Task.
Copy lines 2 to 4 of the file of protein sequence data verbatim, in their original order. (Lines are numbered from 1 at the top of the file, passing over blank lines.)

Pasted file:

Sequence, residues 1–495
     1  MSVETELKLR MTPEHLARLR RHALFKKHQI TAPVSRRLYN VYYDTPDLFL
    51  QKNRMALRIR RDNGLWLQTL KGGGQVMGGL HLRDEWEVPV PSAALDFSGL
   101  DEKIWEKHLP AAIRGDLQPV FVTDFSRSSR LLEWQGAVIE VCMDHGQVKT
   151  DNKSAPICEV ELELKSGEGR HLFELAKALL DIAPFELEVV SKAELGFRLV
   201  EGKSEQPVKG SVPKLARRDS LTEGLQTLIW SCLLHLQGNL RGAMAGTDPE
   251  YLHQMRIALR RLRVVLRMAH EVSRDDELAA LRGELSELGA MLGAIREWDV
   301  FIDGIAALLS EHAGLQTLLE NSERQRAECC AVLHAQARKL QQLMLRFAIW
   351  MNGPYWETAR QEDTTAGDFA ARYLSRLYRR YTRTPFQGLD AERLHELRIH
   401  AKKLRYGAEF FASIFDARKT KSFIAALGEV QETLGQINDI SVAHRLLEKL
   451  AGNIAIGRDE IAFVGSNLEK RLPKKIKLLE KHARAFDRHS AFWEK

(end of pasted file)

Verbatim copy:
     1  MSVETELKLR MTPEHLARLR RHALFKKHQI TAPVSRRLYN VYYDTPDLFL
    51  QKNRMALRIR RDNGLWLQTL KGGGQVMGGL HLRDEWEVPV PSAALDFSGL
   101  DEKIWEKHLP AAIRGDLQPV FVTDFSRSSR LLEWQGAVIE VCMDHGQVKT